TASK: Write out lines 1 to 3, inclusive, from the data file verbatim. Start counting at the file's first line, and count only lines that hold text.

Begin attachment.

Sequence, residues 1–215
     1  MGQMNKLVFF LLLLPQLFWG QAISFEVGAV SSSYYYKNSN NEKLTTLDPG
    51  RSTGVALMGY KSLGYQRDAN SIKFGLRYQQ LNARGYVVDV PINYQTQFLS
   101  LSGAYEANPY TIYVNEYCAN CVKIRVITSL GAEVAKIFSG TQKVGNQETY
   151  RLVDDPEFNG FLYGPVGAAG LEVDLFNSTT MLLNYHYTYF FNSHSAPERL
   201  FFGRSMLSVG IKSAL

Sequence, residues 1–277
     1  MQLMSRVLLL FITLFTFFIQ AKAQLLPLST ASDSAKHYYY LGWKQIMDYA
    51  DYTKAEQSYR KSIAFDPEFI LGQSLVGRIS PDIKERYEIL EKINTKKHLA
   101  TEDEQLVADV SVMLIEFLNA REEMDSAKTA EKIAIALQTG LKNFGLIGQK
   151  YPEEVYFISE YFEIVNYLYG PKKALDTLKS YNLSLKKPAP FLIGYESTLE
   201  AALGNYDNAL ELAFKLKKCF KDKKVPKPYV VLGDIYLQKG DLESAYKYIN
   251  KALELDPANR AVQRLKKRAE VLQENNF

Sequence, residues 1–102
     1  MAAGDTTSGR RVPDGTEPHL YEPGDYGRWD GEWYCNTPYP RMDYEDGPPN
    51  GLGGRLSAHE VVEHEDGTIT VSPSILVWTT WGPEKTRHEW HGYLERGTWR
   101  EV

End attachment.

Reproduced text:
Sequence, residues 1–215
     1  MGQMNKLVFF LLLLPQLFWG QAISFEVGAV SSSYYYKNSN NEKLTTLDPG
    51  RSTGVALMGY KSLGYQRDAN SIKFGLRYQQ LNARGYVVDV PINYQTQFLS